Latest posts by H. Sterling Burnett (see all)
- Data Indicate There’s No Need to Panic About Rising Seas - July 15, 2019
- Trump’s Climate Modeling Reform Scorches His Critics - July 3, 2019
- Oregon Senate Republicans Fought The Law—And The Public, Not The Law, Won - June 28, 2019
The toxic spill from the Gold King Mine into the Animas River caused by the Environmental Protection Agency’s (EPA) ham-fisted attempt to clean up the mine justifiably grabbed headlines. EPA says the cleanup will cost millions, potentially hundreds of millions over time, because the toxins that settled in the stream and riverbeds will be stirred up repeatedly in the future due to in-stream and streamside activities and heavy runoff from storms or melting snow.
Hundreds of millions if not billions more will be spent compensating those harmed by the spill and to cleanse the tens of thousands of additional mines EPA says needs remediation.
As serious as the harms from the Gold King Mine spill will be, the costs in terms of illness and lost lives pale in comparison to the damage done by the various regulations EPA has imposed on the economy under President Barack Obama. Yet, environmentalists, the media, and various public health officials continue to praise these rules.
Although EPA claims rules cutting emissions of carbon dioxide and mercury will save lives, the regulations will almost certainly cost more lives than they save, and that is according to the government’s own number crunchers.
Poverty is by far the biggest killer. Nations and regions lacking inexpensive and reliable energy, readily available health care, and abundant, nutritious food suffer more premature deaths, have higher infant mortality and lower disease survival rates, and have shorter lifespans, compared to wealthier nations and people. This is an undisputed fact.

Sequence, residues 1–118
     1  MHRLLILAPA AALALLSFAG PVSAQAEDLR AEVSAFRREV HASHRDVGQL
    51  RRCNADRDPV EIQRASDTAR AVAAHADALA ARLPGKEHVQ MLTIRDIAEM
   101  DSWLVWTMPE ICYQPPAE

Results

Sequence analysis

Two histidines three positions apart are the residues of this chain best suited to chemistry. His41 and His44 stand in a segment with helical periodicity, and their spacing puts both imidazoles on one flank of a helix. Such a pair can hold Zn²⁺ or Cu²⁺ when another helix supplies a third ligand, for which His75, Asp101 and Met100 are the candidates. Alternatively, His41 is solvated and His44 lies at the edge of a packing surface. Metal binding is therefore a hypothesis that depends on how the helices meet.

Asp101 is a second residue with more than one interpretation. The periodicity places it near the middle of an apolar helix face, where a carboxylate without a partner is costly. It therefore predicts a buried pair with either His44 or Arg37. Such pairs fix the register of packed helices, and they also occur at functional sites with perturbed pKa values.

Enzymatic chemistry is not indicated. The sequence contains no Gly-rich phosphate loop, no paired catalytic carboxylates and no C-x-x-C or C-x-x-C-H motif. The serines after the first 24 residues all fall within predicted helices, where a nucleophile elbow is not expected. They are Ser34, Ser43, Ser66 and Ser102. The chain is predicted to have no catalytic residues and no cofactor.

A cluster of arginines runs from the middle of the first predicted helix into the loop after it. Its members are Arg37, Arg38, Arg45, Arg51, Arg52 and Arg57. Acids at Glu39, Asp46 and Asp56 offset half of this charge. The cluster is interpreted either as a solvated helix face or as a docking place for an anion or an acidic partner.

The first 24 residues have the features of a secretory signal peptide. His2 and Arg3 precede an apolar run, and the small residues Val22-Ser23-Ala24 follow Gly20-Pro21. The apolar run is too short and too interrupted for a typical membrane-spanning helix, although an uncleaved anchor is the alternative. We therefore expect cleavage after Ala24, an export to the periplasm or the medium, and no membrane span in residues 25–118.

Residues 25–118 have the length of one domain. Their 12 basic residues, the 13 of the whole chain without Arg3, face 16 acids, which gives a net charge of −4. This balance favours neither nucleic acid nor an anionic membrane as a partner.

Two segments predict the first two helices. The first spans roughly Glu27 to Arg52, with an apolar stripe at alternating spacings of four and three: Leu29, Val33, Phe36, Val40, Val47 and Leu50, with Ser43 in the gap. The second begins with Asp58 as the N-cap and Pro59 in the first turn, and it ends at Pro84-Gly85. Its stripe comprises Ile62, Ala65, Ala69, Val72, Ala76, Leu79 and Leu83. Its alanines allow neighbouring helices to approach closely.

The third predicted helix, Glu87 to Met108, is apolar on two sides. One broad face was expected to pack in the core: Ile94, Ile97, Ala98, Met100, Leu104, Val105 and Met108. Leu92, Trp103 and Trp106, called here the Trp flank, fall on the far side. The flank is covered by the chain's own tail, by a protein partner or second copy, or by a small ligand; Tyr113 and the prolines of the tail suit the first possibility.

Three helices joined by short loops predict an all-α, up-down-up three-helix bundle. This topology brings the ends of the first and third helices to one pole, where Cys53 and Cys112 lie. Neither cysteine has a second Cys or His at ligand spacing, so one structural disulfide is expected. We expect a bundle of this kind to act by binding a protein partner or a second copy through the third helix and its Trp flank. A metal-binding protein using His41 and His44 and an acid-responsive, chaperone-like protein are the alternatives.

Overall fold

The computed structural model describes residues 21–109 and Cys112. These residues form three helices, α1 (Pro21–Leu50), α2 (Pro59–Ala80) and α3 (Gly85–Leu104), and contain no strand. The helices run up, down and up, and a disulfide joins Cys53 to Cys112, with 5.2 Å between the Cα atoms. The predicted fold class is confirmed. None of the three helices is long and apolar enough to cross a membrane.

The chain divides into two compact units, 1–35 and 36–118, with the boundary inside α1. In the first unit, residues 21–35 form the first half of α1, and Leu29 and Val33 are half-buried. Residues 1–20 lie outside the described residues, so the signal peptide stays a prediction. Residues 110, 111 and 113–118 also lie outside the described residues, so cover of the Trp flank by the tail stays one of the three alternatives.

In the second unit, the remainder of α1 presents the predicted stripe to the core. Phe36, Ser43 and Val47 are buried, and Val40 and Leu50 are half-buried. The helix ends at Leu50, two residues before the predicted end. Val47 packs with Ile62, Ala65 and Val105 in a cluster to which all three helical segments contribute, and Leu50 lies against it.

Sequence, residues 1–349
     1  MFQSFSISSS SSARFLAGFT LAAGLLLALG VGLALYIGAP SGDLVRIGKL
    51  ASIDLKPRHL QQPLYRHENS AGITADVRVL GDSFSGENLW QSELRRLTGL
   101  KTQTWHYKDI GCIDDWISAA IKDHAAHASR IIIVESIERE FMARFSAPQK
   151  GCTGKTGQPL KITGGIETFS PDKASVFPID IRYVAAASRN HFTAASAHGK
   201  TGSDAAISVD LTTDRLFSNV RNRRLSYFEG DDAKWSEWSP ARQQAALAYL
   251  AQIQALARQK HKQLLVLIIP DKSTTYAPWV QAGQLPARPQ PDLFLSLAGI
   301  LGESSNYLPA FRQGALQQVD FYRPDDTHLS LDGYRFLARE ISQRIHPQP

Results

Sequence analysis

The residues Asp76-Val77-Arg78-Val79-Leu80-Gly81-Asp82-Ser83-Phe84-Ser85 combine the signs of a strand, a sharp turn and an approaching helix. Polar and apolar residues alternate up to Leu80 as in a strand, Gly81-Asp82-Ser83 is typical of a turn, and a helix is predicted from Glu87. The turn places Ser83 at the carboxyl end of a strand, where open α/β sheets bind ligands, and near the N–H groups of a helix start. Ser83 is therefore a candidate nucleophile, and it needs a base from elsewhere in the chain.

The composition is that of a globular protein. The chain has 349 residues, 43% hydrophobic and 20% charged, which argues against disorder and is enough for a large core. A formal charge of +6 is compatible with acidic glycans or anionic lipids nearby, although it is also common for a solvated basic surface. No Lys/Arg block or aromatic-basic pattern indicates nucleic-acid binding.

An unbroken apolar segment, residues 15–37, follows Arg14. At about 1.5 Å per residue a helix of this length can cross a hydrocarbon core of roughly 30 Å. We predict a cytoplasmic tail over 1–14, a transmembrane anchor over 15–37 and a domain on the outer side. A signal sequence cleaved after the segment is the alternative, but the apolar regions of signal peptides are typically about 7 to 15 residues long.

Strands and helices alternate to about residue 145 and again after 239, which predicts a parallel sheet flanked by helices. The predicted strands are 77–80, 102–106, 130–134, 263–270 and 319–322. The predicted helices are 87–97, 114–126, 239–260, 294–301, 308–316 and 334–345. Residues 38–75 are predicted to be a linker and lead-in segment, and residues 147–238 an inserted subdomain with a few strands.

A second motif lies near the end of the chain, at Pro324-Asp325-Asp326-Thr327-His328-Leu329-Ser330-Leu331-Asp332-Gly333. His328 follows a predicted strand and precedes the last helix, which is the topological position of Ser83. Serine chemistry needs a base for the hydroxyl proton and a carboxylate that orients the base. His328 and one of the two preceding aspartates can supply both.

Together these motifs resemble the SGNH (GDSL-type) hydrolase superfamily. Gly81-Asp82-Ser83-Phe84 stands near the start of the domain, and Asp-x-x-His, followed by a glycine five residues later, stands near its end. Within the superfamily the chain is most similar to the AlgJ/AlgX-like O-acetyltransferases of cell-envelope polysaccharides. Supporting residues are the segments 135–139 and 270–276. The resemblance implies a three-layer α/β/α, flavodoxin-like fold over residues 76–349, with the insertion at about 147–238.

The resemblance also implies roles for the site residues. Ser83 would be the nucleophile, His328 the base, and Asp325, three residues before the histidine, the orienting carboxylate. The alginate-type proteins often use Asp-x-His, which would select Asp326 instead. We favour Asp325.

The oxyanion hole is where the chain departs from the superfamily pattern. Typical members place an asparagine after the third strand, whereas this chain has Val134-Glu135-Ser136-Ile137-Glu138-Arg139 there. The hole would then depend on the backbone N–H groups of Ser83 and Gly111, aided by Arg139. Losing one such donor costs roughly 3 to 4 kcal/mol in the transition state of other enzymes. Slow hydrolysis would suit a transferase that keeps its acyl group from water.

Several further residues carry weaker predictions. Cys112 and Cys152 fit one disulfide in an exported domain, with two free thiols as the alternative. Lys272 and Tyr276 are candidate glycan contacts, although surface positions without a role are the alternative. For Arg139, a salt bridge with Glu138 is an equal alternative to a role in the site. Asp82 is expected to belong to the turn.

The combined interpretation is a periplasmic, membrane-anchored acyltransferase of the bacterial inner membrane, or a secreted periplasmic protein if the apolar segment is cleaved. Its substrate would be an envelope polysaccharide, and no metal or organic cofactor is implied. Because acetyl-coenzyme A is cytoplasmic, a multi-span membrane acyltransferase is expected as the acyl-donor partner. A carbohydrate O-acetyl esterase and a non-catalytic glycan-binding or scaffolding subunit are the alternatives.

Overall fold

EPA’s regulations ignore the link between wealth and health. Carbon dioxide is a nontoxic, naturally occurring gas posing no threat at all to human health at present or reasonably expected future levels. Mercury is a potentially lethal toxin, and exposure at sufficiently high levels can cause serious harm or even death, but at current levels in the United States it poses minimal or no risk of harm.
EPA regulations limiting mercury and other air toxins were recently tossed out by the U.S. Supreme Court. Writing for the majority, Justice Antonin Scalia stated, “It is not rational, never mind ‘appropriate,’ to impose billions of dollars in economic costs in return for a few dollars in health or environmental benefits.”
Various estimates showed the mercury rule would produce just $4 million to $6 million in health benefits at a cost of more than $9.6 billion.
To put this in perspective, the U.S. Office of Management and Budget (OMB) has estimated every $7.5 million to $12 million in regulatory costs imposed on the economy results in a life lost. By that accounting, while failing to save even a single life, the mercury regulations could result in between 800 and 1,250 premature deaths.
EPA’s Clean Power Plan (CPP) is even deadlier. It aims at cutting overall emissions of carbon dioxide from the nation’s power sector by 32 percent below 2005 levels by 2030. EPA, with reason to paint the benefits of its plan in the best light possible, estimates CPP will produce $155 billion in cumulative benefits through 2030. By comparison, the Energy Information Administration has pegged the cumulative costs of the rule through 2030 at $1.23 trillion in lost GDP (in 2014 dollars).
EPA estimates CPP would result in avoidance of 200 premature deaths in 2020, 1,900 in 2025, and 3,600 in 2030. Assuming a linear trend over the compliance period, CPP could prevent approximately 21,000 total premature deaths through 2030. Although 21,000 premature deaths is no small number, it is dwarfed by the 102,500 to 164,000 early deaths CPP is expected to cause if the OMB is right about the costs.
When government regulations raise energy costs, it increases unemployment, decreases disposable income, and reduces the number of people covered by health insurance, and each of these results kills people. EPA should take a regulatory Hippocratic Oath: “First, do no harm!”